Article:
We decided we had enough gear to make it work and sent Glenn out on lead. I set up a belay from where I was and belayed him out about 75 feet before he put in our first picket. He then traversed out until he reached the center of the rope, where I was tied in. I then followed behind while my dad belayed us both. Glenn went another 100 feet before the end of the rope came to my dad. He then put in his ice screw and kept moving. This was a sketchy method of climbing as we now had out entire team strung out at once with no belay - just the pickets and ice screw to prevent a fall. To add to the dangers, there were about 4 major runnels carved into the snow which were wide and deep enough we had to climb inside of to get around. At one point I had both my feet slip out from under me but somehow managed to plant my ice axe into the snow and prevent a fall.
After finally navigating the traverse, we looked up to the summit and our hearts sank. The summit block looked nothing like the rocky pictures were familiar with. Instead, it was caked with a thick layer of snow/ice. There was so much snow, we couldn't decide what was or where the "official" route up was. We first traversed about 300 feet to the left but the snow became exceptionally steep and we decided this couldn't possibly be the route (we later discovered it was indeed around the block to the left). We then hiked up 100 feet to the base of the summit pinnacle and just climbed straight up what appeared the least menacing looking route. This line proved to be far above what one could consider "sane".
My dad being an experienced rock climber took the lead as there was sections of exposed rock which we figured we could protect. My dad quickly discovered this route proved to be far more challenging than he had hoped. The rated 4th class scramble became a disgusting combo of WI and YDS climbing on super crappy rock. I just want to point out that rock climbing in crampons is far more difficult than it appears... As for protection, there really wasn't any. My dad found a few blocks to sling, but who knows if they would have even held. We would have payed a lot of money for one or two cams. After about 50 feet of climbing, we came upon a nearly vertical 8-foot headwall of ice/snow. My dad ended up using his ice axe to carve some steps in and climb straight up - unprotected. From there, we found an easy, snow free 40 foot, 4th class section the summit. It was now almost 1:30pm.
As we were having our little summit celebration, we could hear stuff falling off onto the traverse and quickly decided we needed to get off the summit and back across the traverse before the sun fully hit it. We found 2 slings and a prusik cord slung around the summit block with a rap ring around the 2 slings and strung out rope through it. We rapped off the summit only to find our 60 meter rope wasn't long enough. It did however end at a little ledge system which had another sling slung around a block someone had rapped off of before. We put our own sling around the block and were able to rappel down the steep snow field we had hiked up immediately after the traverse. At this point, the snow had become slick and difficult to travel on. A fall from there would have surely been fatal so we had to make yet another rappel. We found 2 slings wrapped around another block and used them to rappel all the way back down to the traverse.
At this point, the sun was fully hitting the traverse and had now made the trip back across far more dangerous. The snow was quite soft, probably rendering our pickets useless, and rock fall from above raining down our route far more fequently than I was comfortable with. Then, as if by a miracle, another group who was on the other side yelled to us and told us they had gone across, seen the summit, and turned around but left all their pickets in the snow for us to use. Whoever you are, I hope you read this as you turned a super dangerous situation into something far safer for us. We cannot thank you enough!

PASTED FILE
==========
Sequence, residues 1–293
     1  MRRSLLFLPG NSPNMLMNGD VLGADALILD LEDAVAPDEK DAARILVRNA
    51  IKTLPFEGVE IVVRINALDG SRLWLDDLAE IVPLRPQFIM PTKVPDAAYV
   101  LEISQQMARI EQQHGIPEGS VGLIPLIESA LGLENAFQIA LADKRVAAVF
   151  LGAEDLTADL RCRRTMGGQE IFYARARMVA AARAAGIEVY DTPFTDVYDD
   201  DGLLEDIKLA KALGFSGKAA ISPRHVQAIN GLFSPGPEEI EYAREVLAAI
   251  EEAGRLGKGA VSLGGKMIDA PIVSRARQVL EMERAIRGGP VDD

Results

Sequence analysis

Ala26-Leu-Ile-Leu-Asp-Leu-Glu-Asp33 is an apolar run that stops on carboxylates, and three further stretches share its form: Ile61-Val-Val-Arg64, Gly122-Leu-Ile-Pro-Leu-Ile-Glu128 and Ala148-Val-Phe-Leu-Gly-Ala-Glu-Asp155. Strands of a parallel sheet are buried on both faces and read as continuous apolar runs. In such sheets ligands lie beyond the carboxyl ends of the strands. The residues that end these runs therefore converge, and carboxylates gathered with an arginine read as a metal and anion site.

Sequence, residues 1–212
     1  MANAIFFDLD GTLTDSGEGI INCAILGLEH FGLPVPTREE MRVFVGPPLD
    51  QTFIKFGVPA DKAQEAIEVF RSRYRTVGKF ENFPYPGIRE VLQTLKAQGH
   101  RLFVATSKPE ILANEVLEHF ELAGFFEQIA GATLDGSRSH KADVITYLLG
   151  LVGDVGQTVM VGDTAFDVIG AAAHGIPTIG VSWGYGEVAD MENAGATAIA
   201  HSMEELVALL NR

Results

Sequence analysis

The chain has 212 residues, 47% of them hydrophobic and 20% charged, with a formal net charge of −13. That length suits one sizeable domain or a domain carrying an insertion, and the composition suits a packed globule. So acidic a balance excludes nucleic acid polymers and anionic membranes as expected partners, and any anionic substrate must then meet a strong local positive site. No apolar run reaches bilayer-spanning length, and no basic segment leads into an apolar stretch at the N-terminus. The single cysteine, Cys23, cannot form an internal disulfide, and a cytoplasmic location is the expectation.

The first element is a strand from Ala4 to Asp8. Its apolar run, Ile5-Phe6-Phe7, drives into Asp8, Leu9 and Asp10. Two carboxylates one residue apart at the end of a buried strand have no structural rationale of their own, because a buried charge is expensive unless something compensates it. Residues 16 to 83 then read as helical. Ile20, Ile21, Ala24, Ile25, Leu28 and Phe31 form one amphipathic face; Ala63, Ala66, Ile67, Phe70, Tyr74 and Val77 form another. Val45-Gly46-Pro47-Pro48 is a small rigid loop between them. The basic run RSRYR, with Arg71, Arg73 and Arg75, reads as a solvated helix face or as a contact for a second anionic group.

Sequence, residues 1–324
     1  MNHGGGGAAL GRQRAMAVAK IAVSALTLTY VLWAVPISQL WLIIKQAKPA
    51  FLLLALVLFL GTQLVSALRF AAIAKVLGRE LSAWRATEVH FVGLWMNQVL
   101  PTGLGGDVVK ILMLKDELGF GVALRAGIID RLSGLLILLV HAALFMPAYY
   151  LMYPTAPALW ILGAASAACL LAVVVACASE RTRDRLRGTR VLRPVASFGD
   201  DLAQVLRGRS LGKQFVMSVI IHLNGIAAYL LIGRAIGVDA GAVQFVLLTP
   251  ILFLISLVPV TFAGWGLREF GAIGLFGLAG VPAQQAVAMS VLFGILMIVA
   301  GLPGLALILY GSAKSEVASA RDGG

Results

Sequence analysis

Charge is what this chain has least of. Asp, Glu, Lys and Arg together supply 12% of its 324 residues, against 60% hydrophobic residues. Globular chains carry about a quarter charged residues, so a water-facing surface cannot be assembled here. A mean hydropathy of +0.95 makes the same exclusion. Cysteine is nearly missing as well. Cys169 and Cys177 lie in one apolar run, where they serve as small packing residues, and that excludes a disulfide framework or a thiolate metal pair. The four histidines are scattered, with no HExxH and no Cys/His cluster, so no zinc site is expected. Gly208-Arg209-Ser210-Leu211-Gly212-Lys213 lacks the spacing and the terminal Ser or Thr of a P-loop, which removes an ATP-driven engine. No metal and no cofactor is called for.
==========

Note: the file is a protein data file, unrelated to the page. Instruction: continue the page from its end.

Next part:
We reversed the same process to get back across the traverse, just with more protection this time! Then, right as we were heading back across, an oven-sized rock fell off a from the summit a few hundred feet above Glenn. Miraculously, somehow, it landed into the snowy ramp above him and stuck. Had it not, it probably would hit Glenn and pulled all three of us down to our deaths. Scary stuff and a reminder to us as to why climbing in the sun is dangerous! Thankfully we made it safely across. We followed our tracks back to camp and crashed. It was now 7:30pm. After a 17 hour round trip, we were in no way shape or form going to hike out the remaining 6 miles to our car which we had initially planned to do. We got up at 4:30am the next morning and finished the hike out.
In summary, this peak is best attempted mid to late season making for a safer traverse and summit pitch. We made a mistake by going up too early which put us in a potentially dangerous situation. Fortunately, everything worked out for the best, but it really taught me how serious a low technical peak can be. I should also mention our total mileage for this peak was around 20 miles and 6400 feet of elevation gain. Even without the technical aspects, this is still a long and grueling hike which shouldn't be taken lightly.
Me traversing the Whitewater Glacier. Sunrise is just hitting the summit area. Photo taken by Mark Smith (2015-06-14). Photo by Austin D. Smith.
Click here for larger-size photo.
|Summary Total Data|
| Total Elevation Gain:||6797 ft / 2070 m|
| Extra Gain:||200 ft / 60 m|
| Round-Trip Distance:||20 mi / 32.2 km|
| Route:||Whitewater Glacier|
| Trailhead:||Whitewater TRHD 4100 ft / 1249 m|
| Quality:||10 (on a subjective 1-10 scale)|
| Route Conditions:||Maintained Trail, Unmaintained Trail, Open Country, Bushwhack, Stream Ford, Snow on Ground, Scramble, Exposed Scramble, Rock Climb, Snow Climb, Glacier Climb|
| Gear Used:||Ice Axe, Crampons, Rope, Tent Camp|
| Weather:||Pleasant, Calm, Clear|
| Time:||1 Days 18 Hours |
| Time:||19 Hours |